If you've been following my other posts, in particular my pizza-related posts, you'll remember that I promised to share with you the best tried-and-tested pizza dough recipe in the world....
For me, a good Italian-style pizza constitutes a tasty tomato base, the right amount of cheese (I say lots) and a nice crispy, fluffy base that's not too thick and not too thin. Ready-made doughs and bases just don't cut it in my opinion but top UK chef Jamie Oliver gets it just right. His recipe makes a really light, fluffy crust that isn't too doughy, providing you cook it right .
If you've never tried making it, now's your chance to try! The mixture strikes the perfect balance between light, fluffy and crispy and you can use it to make thick or thin crust pizza bases, depending on your preferences.
The hardest part is making the well in the flour and adding the liquid mixture without everything collapsing and spilling all over the table. You'll see what I mean when you try it. I don't actually know why this method is better than simply mixing it but there must be a reason for it. It's quite easy once you get the hang of it... but be prepared to make a mess! Also make sure that you roll out the dough really thinly when it actually comes to making the pizza as the dough rises a bit when it cooks. You can also try stretching and flattening the dough in your hands like the Italian chefs do... although it never works for me.
• 1kg strong white bread flour or Tipo ‘00’ flour • 1 level tablespoon fine sea salt • 2 x 7g sachets of dried yeast • 1 tablespoon golden caster sugar • 4 tablespoons extra virgin olive oil • 650ml lukewarm water
Sieve the flour and salt on to a clean surface and make a well in the middle. In a jug, mix the yeast, sugar and olive oil into the water and leave for a few minutes, then pour into the well. Using a fork, bring the flour in gradually from the sides and swirl it into the liquid. Keep mixing, drawing larger amounts of flour in, and when it all starts to come together, work the rest of the flour in with your clean, flour-dusted hands. Knead until you have a smooth, springy dough.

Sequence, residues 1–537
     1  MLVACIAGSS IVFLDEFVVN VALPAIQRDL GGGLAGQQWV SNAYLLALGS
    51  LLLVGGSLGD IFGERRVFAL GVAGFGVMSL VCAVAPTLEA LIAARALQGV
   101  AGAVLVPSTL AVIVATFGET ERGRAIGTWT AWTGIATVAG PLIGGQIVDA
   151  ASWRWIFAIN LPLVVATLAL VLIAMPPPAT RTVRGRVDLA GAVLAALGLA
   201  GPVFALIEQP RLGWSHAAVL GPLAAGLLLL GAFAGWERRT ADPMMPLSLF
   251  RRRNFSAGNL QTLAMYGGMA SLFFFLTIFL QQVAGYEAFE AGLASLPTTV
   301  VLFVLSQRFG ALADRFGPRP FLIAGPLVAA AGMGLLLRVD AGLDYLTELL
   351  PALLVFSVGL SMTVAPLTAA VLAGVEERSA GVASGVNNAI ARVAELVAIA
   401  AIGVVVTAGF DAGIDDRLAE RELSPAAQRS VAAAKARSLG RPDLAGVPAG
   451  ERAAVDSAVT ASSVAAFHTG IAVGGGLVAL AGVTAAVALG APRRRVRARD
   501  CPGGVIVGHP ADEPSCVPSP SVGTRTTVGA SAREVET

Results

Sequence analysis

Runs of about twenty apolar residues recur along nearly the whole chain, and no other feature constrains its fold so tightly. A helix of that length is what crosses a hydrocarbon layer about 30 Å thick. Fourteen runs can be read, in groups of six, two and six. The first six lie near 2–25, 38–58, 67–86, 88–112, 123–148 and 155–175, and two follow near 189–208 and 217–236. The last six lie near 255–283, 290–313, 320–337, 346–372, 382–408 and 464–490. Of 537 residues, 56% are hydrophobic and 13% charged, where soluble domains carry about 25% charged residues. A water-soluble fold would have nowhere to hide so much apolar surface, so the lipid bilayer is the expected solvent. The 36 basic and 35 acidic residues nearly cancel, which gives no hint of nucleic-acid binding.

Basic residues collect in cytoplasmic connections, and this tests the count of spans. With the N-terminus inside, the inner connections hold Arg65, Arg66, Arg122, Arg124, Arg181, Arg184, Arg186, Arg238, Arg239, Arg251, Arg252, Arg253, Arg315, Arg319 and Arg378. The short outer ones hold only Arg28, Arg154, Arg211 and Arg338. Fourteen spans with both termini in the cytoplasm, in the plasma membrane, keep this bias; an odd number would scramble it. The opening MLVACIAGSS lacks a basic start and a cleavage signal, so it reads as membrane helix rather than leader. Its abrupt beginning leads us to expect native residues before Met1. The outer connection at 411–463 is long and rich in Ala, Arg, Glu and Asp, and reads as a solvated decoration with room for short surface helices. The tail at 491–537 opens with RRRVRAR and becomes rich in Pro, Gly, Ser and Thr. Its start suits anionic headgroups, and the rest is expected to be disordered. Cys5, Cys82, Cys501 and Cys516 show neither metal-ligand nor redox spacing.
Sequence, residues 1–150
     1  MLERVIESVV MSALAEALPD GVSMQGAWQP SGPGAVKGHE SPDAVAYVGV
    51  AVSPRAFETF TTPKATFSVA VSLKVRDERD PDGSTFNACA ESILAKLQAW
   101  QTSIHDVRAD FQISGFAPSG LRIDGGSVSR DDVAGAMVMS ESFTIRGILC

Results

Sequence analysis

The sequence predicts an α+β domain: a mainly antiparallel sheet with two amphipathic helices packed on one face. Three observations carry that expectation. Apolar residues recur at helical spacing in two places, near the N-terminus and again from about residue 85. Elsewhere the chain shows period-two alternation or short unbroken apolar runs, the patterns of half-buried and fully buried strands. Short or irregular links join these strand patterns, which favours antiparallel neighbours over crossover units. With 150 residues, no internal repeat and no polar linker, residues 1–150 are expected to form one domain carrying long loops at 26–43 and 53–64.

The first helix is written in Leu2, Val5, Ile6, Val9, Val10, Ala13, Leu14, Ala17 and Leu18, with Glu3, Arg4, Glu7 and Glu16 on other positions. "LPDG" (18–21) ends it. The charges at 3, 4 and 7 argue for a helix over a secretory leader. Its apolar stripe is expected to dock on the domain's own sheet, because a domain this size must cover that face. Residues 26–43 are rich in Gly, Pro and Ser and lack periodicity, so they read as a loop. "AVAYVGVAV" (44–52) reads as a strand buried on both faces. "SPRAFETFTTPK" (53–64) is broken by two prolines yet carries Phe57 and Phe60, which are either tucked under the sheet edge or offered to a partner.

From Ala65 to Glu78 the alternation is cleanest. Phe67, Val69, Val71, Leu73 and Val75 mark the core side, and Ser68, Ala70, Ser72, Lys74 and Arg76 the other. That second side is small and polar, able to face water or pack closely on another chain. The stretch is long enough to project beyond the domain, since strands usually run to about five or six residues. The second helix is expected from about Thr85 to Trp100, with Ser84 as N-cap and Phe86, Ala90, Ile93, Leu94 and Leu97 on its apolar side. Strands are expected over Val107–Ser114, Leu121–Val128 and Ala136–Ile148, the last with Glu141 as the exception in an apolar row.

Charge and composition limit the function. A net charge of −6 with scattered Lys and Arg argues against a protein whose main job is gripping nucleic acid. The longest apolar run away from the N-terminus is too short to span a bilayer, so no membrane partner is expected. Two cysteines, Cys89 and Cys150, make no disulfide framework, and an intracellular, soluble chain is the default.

Place the ball of dough in a large flour-dusted bowl and flour the top of it. Cover the bowl with a damp cloth and place in a warm room for about an hour until the dough has doubled in size.
Remove the dough to a flour-dusted surface and knead it around a bit to push the air out with your hands – this is called knocking back the dough. You can either use it immediately, or keep it, wrapped in clingfilm, in the fridge (or freezer) until required. If using straight away, divide the dough up into as many little balls as you want to make pizzas – this amount of dough is enough to make about six to eight medium pizzas.
Timing-wise, it’s a good idea to roll the pizzas out about 15 to 20 minutes before you want to cook them. Don’t roll them out and leave them hanging around for a few hours, though – if you are working in advance like this it’s better to leave your dough, covered with clingfilm, in the fridge. However, if you want to get them rolled out so there’s one less thing to do when your guests are round, simply roll the dough out into rough circles, about 0.5cm thick, and place them on slightly larger pieces of olive-oil-rubbed and flour-dusted tinfoil. You can then stack the pizzas, cover them with saran wrap, and pop them into the fridge.
You'll probably end up with lots of extra dough from this recipe but just wrap it up in saran wrap too and pop it in the freezer for another day. In fact, my second lot of pizzas using the defrosted pizza dough seemed to turn out even better..